AFSCME Council 18

Rio Grande Corridor Keeps Turning AFSCME Green!

City of Belen Blue Collar Employees VOTE AFSCME

Congratulations to City of Belen blue collar employees who organized and voted overwhelmingly to form a union with AFSCME on July 28, 2016. The secret ballot election was conducted and supervised by Belen’s Labor Management Relations Board at the public library.
Despite intimidation tactics employed by upper management, who talked down the union and distributed misleading anti-union “fact” sheets, the organizing committee held strong and maintained good communication with 17+ bargaining unit employees.

Belen blue collar employees, who work in Streets, Water, Wastewater, and Solid Waste departments, will now focus their energy on negotiating a first contract.

City of Belen Union Organizing Committee Members (L to R): Paul Dominguez, Henry Jaramillo, Kenneth Reese, Robert Chavira, Rex Chaney

“We decided it was time to be treated more fairly, to make sure we earn wages that our families can survive on, to speak up, and try to get rid of the politics that are negatively affecting our jobs. So we organized.” -
Rex Chaney, organizing committee member and City of Belen Level II Water Operator

One issue which drove the organizing effort was the disappearance of a raise approved and funded by city council last year. “Council had approved $87,000 that would’ve allowed for a good raise across the board,” said Joel Villareal, AFSCME Council 18 staff representative and lead negotiator for the Belen blue collar employees. “Somehow that money vanished and everyone received a nickel an hour instead.”

Villareal appeared alongside organizing committee members at the Belen City Council’s October meeting to introduce the union to council members and express the workers’ hopes that high paid management consultants wouldn’t be brought in to complicate negotiations.

The tone of that meeting soured quickly when one councilman spoke out in favor of hiring outside consultants, and indicated he thought Brother Villareal was committing an unfair labor practice by coming forward with an intention to intimidate the council into not hiring a notorious consulting firm.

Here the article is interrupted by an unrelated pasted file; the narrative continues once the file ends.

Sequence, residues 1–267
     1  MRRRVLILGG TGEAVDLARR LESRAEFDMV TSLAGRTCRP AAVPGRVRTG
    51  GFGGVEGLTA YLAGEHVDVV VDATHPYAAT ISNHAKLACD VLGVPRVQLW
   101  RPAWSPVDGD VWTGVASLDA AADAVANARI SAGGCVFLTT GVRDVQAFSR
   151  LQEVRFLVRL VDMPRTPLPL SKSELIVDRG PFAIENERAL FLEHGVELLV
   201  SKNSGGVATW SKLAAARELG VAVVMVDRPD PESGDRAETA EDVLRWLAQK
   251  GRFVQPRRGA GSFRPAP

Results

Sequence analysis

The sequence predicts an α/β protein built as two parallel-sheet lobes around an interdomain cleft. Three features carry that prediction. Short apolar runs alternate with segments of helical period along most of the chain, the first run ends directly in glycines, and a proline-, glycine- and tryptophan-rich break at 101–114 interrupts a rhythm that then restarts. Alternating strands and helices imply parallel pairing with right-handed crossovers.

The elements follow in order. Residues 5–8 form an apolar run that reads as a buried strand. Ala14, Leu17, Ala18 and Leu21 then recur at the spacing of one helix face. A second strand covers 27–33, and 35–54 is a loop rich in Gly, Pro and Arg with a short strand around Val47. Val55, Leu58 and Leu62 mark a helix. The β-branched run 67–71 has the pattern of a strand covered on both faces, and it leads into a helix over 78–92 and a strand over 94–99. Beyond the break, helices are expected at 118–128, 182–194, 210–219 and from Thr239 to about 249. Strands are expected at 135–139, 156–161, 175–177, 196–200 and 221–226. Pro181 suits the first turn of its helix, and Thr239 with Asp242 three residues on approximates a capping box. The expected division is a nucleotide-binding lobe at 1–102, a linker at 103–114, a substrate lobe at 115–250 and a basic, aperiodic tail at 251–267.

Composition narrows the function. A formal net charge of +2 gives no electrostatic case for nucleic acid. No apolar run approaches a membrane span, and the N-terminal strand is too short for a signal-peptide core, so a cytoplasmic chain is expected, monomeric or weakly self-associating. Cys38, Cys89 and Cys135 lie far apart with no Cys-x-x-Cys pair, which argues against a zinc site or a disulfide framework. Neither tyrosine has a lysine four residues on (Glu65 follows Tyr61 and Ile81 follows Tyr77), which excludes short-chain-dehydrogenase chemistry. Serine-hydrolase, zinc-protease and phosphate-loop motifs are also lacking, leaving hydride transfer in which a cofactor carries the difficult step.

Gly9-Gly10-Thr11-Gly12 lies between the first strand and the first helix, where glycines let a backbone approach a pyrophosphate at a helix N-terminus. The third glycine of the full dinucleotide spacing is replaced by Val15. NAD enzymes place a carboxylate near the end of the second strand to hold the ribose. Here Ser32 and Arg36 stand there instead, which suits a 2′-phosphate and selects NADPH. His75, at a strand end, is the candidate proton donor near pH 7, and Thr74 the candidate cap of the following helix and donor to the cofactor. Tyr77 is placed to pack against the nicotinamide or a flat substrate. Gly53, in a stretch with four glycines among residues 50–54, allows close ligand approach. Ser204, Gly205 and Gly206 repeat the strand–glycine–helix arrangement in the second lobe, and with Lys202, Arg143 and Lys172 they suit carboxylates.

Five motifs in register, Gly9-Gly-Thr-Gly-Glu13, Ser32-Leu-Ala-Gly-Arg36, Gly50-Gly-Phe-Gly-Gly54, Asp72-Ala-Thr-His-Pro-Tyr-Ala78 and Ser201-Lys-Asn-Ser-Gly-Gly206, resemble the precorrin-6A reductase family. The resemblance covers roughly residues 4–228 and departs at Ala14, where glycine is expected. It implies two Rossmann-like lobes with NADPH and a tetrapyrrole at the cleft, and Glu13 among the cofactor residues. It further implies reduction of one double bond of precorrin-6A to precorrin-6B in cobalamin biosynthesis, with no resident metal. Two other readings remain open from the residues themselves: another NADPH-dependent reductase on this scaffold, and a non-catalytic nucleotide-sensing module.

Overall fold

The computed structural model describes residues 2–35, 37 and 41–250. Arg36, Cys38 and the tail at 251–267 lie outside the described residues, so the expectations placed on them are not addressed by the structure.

AFSCME’s position has been consistent that existing city human resources and legal staff have the expertise to negotiate effectively and in good faith without the need to enlist the support of expensive union busting law firms.

"These firms have a disincentive to finish negotiating contracts," said Connie Derr, AFSCME Council 18 Executive Director. "The longer negotiations drag out, the more money these firms stand to rake in. They don’t only aim to bust unions, they end up busting already strained government budgets too.”

Brother Villareal responded to the councilman by insisting that “bringing up a concern is not an unfair labor practice...we find it ironic that city worker’s tax dollars are being used to fight against them.”

Belen currently has a contract with the Holcomb Law Firm out of Albuquerque for management consulting over labor issues. Prior to the organizing effort, they had only billed the city $240 through the middle of 2016. As the organizing effort went into high gear this summer, the consulting fees shot up over 1000% to $3000 for a five month period.

“Labor negotiations will take some time,“ said Villareal. “Holcomb Law just had their contract renewed and will be charging Belen taxpayers $150 to $175 per hour to lead these negotiations. Historically, we get things done more efficiently when dealing directly with City management."

“City staff know the budgets and they know the lay of the land. Using the consultants, Belen is sure to rack up tens of thousands in bills during negotiations. That money could be better used to fund city operations, or pay for those cost-of-living raises which councilors have approved in the past and somehow vanished.”



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